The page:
When I attended Parent Night for my third grade son, I was surprised when the teacher said that she would not be emphasizing math facts during third grade. She said it was not a priority of the math program they use. Why would this not be considered important?
Some math programs place a heavier emphasis on mathematical concepts and abstract thinking than on the skill and drill that has been typically emphasized in math instruction. There is a great deal of research that indicates that development of algebraic reasoning lays a stronger foundation for the in-depth math that is taught later.
Common sense still indicates that the better a child masters basic facts in addition, subtraction, multiplication and division, the more adept he will be when computation becomes more complex. Adding, subtracting and multiplying multi-digit numbers will be done more successfully when a child knows basic math facts. Applying those three mastered skills to solving long division problems will minimize the frustrations of learning that very challenging concept.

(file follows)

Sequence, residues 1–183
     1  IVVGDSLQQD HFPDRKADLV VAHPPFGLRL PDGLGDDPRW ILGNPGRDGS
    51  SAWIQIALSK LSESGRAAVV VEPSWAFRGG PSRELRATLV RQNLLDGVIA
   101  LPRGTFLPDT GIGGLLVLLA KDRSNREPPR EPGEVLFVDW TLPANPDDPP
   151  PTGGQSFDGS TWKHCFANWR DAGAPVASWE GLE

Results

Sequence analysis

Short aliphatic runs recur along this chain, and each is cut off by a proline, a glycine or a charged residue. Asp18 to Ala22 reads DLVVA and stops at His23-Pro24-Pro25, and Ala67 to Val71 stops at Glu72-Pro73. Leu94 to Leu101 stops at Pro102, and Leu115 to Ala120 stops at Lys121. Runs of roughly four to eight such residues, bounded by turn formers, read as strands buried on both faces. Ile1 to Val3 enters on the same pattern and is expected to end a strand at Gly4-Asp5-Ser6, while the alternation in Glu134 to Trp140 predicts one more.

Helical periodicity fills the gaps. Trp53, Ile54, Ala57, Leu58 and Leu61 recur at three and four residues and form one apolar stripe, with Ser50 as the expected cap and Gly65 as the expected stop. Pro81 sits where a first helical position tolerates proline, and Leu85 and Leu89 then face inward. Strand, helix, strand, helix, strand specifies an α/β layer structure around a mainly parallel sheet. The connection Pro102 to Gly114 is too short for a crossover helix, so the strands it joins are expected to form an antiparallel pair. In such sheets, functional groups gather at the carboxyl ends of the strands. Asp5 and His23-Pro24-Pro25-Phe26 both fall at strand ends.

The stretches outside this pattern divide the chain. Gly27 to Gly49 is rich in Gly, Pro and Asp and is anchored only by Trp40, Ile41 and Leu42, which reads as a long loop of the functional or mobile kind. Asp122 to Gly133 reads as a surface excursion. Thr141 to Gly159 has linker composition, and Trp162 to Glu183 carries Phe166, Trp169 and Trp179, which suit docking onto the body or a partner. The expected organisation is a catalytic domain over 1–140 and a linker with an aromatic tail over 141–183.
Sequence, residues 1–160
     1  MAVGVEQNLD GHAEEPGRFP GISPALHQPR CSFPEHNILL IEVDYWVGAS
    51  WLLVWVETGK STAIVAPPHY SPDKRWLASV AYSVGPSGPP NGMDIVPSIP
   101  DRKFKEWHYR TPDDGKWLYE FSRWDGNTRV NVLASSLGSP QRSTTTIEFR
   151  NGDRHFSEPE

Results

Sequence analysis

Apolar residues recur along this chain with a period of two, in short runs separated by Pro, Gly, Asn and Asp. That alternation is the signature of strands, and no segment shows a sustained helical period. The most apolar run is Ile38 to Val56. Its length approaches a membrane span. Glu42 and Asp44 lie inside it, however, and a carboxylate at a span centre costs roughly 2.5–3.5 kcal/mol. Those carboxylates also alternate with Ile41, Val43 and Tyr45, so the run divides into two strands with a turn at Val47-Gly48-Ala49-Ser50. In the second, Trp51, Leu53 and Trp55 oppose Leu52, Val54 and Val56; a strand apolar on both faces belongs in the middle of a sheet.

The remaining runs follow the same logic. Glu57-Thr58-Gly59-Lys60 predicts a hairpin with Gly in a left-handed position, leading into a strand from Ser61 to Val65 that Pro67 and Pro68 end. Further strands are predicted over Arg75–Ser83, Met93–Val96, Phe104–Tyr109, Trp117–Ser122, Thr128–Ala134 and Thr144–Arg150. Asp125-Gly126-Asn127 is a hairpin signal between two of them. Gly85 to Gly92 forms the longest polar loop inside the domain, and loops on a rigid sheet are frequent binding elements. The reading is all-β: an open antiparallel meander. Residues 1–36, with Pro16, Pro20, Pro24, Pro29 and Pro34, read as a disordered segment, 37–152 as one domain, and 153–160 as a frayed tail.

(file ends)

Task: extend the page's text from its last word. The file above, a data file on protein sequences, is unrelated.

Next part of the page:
You can provide the opportunity for math fact mastery using flashcards or by using a free website for practice and games such as www.factmonster.com/math/flashcards.html or www.playkidsgames.com/games/mathfact/mathFact.htm. Five to ten minutes of practice several times a week will provide a great foundation for confident math computation.
Ask the Teacher is written by Deb Krupowicz, a mother of four who holds a Master’s degree in Curriculum and Instruction. Deb has over twenty years of experience teaching preschool, elementary and middle school students. Please send your questions to her at email@example.com.